A Full Adder is a digital circuit that performs the addition of three binary inputs. In this tutorial, you will learn how this circuit works, its truth table, and how to implement one using logic gates.
What is a Full Adder?
Adders can either be Half Adders or Full Adders. The difference is that the Half Adder is used to add only two 1-bit binary numbers, therefore its sum can only range from 0 to 2. To improve this performance, the Full Adder was developed. It is able to add three 1-bit binary numbers, achieving a sum range from 0 to 3, which can be expressed with two output bits (“11”).
If you follow the above truth table, A and B represent the input variables you want to add, while Cin is a carry input. S is the sum output and Cout is an output to indicate if a carry has occurred. But in binary logic, what does a Carry mean? Well let’s see the next example:
Observe that when you add “0” and “0” or “1” and “0” the result can be expressed with just one bit, but when you add “1” and “1” you need two bits, and one of them is the carry.
But why do you need a carry input in full adders? Well, when you want to sum inputs with more than 1-bit numbers, for example adding two 4-bit binary numbers, you will need to combine several adders and provide a carry input between them to express that the previous less significant operation produced a carry.
The Full Adder Circuit
A Full Adder can be built using two Half Adders circuits and an OR gate. The first Half Adder has two 1-bit binary inputs, which are A and B. It produces two outputs; Sum and Carry.
The Sum output of the first Half Adder will be the first input of the second Half Adder. And the Carry output of the first Half Adder will be the second input to the additional OR gate.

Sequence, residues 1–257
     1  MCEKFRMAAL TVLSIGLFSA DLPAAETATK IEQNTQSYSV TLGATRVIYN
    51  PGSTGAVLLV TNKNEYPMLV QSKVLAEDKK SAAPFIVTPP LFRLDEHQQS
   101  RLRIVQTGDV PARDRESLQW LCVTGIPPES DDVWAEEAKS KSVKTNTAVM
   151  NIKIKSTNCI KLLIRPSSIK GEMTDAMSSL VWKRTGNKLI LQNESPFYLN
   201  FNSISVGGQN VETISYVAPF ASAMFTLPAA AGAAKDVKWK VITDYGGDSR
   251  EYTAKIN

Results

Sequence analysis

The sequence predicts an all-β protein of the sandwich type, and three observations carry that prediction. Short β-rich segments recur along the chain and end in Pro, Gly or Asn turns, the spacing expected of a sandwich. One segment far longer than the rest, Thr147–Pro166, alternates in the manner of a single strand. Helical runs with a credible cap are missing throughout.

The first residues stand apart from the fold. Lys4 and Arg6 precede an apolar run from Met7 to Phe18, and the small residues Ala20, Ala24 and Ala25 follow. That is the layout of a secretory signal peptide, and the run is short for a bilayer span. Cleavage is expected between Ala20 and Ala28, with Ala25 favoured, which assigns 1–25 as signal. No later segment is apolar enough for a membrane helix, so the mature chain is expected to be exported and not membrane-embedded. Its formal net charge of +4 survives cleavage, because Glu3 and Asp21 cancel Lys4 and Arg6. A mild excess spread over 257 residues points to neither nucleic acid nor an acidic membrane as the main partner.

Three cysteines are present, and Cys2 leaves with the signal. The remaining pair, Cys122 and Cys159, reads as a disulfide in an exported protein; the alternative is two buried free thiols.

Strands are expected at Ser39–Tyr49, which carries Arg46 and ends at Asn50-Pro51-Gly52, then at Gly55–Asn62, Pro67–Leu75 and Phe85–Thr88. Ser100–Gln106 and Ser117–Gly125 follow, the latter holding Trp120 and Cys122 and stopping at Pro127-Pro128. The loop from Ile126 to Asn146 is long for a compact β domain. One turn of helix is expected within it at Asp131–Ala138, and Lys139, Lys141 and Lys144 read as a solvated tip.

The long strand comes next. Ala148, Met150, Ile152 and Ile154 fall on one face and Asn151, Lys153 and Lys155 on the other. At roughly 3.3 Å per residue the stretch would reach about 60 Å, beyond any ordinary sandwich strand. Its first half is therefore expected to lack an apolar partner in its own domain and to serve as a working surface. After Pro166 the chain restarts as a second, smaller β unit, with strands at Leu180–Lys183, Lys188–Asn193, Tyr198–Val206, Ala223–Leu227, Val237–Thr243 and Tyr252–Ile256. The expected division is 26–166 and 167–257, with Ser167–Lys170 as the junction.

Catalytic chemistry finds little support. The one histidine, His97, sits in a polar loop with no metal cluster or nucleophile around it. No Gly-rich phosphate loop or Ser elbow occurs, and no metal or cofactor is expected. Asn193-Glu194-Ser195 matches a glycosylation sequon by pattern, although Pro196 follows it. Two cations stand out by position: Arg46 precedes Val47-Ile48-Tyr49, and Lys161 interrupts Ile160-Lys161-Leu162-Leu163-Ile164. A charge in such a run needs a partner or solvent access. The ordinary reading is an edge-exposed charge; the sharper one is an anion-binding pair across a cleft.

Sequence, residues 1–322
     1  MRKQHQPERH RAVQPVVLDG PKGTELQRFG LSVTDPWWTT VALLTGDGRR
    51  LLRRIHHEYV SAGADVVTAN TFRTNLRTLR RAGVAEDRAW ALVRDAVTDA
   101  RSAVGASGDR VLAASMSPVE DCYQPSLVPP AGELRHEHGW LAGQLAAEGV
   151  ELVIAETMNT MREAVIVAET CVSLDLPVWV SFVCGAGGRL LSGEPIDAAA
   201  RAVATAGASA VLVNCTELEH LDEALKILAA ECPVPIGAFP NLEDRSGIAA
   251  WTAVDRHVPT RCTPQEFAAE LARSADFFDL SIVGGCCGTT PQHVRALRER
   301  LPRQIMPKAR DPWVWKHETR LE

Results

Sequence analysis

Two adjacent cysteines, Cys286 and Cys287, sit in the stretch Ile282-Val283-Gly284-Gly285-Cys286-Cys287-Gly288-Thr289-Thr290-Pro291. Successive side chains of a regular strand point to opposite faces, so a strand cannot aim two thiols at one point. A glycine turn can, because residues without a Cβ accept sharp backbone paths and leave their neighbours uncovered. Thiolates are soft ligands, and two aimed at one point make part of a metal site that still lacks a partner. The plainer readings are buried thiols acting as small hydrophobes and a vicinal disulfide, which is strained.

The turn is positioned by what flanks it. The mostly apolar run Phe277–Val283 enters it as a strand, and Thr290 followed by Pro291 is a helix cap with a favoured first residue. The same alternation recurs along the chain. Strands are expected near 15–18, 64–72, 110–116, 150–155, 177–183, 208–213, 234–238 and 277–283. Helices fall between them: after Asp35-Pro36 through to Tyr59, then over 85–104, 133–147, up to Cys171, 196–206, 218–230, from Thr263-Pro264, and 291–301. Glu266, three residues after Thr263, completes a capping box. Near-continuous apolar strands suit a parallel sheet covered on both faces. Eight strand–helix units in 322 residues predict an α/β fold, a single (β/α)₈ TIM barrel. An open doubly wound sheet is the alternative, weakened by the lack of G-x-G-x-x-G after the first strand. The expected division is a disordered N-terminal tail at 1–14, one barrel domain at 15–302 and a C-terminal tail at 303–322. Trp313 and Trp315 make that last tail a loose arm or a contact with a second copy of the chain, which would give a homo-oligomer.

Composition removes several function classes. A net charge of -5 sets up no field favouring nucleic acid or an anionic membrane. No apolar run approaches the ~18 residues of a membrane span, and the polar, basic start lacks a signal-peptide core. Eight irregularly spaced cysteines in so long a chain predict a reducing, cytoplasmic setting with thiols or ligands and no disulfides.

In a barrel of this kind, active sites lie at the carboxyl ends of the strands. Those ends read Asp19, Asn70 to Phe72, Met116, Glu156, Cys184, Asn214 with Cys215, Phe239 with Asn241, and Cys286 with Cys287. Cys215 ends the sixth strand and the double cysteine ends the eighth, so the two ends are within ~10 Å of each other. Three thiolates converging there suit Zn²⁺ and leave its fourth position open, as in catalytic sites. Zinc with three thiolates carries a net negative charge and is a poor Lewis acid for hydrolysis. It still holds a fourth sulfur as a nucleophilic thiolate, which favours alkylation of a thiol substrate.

The second input of the second Half Adder becomes the Carry input (Cin) of the Full Adder.
The second Half Adder will also provide Sum and Carry outputs. Its Sum output represents the Sum output (S) of the Full Adder, and its Carry output is the first input of the additional OR gate. Finally, the OR gate will generate the Carry output (Cout) of the Full Adder.
Let’s replace the blocks with the actual circuits:
Applications of the Full Adder: 4-bit Binary Adder
Let’s suppose you want to add the following two 4-bit binary numbers A and B:
A = 1111 B = 1111
The result will be a 5-bit number:
Where the most significant bit indicates a carry.
So in order to add two 4-bit binary numbers as above, you will need to combine four Full Adders as follows:
As you can see, the inputs A and B of each adder contain the elements of the two 4-bit binary numbers, distributed from their less significant bits from right to left. Also, observe how the carry output of one Full Adder is the carry input of the next one. Just remember this is to take into account if the previous less significant operation produced a carry.
Check out the CMOS CD4008 chip that can add two 4-bit binary numbers.
Do you have any questions about the Full Adder? Let me know in the comments below.